It is often thought that “old” experiments — especially in topics like social psychology — may not reveal very much about how people would behave today. Today’s people, the story is often told, are more sophisticated than the lock-step dupes of times past. This “explanation” is often repeated even in the face of modern replications showing that people are as just as likely, for instance, to give severe electrical shocks to strangers as they were back in the early 1960s (here). And we have recently seen all too clearly that people in the “real world” will still follow orders to torture others. Continue reading Asch Conformity Replication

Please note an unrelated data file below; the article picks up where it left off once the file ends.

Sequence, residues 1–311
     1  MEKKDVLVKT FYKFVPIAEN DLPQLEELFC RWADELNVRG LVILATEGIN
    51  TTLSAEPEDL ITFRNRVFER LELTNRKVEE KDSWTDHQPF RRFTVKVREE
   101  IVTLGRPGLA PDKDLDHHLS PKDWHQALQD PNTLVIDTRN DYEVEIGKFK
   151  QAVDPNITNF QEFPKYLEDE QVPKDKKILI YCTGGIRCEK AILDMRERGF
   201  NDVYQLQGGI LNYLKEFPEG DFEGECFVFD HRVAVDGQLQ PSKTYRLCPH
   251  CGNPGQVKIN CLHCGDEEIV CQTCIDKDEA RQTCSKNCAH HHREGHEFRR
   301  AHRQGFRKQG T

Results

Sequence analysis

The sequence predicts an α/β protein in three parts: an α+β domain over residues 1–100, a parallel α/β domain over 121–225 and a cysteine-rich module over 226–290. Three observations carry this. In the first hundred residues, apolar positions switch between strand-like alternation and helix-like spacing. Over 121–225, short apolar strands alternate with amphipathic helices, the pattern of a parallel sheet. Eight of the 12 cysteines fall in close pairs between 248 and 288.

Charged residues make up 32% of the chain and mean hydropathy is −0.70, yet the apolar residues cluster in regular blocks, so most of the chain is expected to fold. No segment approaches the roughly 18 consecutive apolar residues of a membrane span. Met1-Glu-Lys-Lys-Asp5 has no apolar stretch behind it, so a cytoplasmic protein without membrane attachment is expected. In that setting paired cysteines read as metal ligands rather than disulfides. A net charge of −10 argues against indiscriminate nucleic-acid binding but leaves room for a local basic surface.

The Psychologist, the flagship journal of the British Psychological Society, has published an article by S. Alexander Haslam and Stephen D. Reicher that challenges what the authors call the “clear consensus amongst social psychologists, historians and philosophers that everyone succumbs to the power of the group and hence no one can resist evil once in its midst.”
Relying on a number of recent and soon-to-be-published studies, and re-analyses of old studies, they reject Hannah Arendt’s famous conclusion that Adolf Eichman and others like him are not immoral “monsters” who can be easily distinguished from the “normal” people but, rather, are entirely ordinary individuals caught up social currents beyond their ability to control or disengage themselves from. Arendt’s conclusion was instrumental in the famous experiments of Asch, Milgram, and Zimbardo, [SEE CORRECTION BELOW] Continue reading Is Evil Not So Banal After All?